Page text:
@what:First of all I wholeheartedly congratulate Ms.Sultana and strongly support her postdoctoral ambitions. As for Mr./Ms. what: you simply see that KU produces more Ph.ds than any other university in Pakistan. You must be a resident of city other than Karachi. Rest of Pakistanis talk about Karachi as if An American is talking about an AlKaida operative. “What” just tell me which Pakistani university is recognized blindly overseas ?


  • sam
    Jul 28, 2012 - 10:36AM

    so you made it.congrats.its never too easy to get what you want.i can understand as i am still in process of many things


  • Beegee
    Jul 28, 2012 - 10:49AM

    Are you honestly joking? Students from one of the biggest universities in Pakistan in Pakistan’s biggest city with supposedly high education rates associate astrophysics with astrology and don’t want to study it? No doubt are country is so behind. BUT thankfully people like her are trying for change.

    Also shame on the Bureaucracy. Them and their stupid rules wasted so much of this woman’s precious time. .Recommend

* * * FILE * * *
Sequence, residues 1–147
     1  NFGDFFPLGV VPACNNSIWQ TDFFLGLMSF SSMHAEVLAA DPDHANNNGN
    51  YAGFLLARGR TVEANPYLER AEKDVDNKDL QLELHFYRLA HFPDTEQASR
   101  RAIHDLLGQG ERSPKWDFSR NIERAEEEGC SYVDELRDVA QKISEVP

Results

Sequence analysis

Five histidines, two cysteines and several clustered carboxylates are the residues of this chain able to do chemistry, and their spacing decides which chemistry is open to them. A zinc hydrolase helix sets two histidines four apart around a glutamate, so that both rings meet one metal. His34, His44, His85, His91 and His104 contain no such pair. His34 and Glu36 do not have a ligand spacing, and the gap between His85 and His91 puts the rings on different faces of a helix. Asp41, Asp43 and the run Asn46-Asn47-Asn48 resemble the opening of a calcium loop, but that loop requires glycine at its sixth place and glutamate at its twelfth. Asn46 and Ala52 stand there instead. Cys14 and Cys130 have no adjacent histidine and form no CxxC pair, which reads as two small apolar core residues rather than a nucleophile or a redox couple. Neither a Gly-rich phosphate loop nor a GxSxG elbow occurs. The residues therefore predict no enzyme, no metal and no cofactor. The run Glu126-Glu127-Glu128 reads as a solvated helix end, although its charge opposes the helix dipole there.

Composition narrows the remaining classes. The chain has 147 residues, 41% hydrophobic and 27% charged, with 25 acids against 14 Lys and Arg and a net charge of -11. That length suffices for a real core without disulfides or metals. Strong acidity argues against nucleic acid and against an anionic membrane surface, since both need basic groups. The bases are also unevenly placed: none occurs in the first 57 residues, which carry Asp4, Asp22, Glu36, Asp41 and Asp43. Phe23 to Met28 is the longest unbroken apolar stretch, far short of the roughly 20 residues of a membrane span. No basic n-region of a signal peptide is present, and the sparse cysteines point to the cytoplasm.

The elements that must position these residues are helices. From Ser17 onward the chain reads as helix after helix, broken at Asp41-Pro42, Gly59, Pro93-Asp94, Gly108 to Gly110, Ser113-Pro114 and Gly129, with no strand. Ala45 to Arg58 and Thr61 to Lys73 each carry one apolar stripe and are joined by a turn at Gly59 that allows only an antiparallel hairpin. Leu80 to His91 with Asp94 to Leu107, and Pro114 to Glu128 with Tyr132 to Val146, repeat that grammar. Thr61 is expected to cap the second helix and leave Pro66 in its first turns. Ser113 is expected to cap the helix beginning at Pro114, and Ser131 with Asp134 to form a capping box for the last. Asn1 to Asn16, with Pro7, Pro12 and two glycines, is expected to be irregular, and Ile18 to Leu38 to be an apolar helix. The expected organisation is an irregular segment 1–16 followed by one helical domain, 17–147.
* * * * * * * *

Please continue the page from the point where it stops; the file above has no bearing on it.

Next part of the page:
• Ahmed
    Jul 28, 2012 - 11:46AM

    why is almost every other article in ET about fighting right wingers? there is nothing about fighting right wingers in this story. In fact Dr Sultana herself looks very Islamic from her outlook to me


  • Feisal Rahimtoola
    Jul 28, 2012 - 12:11PM

    You are absolutely right. Just a doctorate in an in-demand field from a good named university is not enough – the mental health, achievement-focus and the like are more important!


  • Fahad Zia
    Jul 28, 2012 - 1:01PM

    wow.. there is only one word that matches this article.. BAZINGA..


  • Prof Shahid Qureshi
    Jul 28, 2012 - 3:25PM

    KU produce on average around 40 PhDs in various areas of Natural and Social Science second to only Quaid e Azam University Islamabad. Presenting KU as is done by this writer is only ignorance to the ground realities.@what:


  • Prof. Dr. S. Siddiqui
    Jul 28, 2012 - 9:00PM

    I’m glad and proud of you, Ms. Sultana. Many congratulations on earning a doctorate with hardwork and determination. I feel sorry for the state of affairs in our universities due to which young researchers have to waste extrs years in achieving their goals.Recommend

  • J. Lee
    Aug 3, 2012 - 3:20AM

    Never mind those who cannot distinguish between astronomy and astrology. They are busy fiddling with their A-Bombs.


  • AQSA
    Aug 5, 2012 - 2:08PM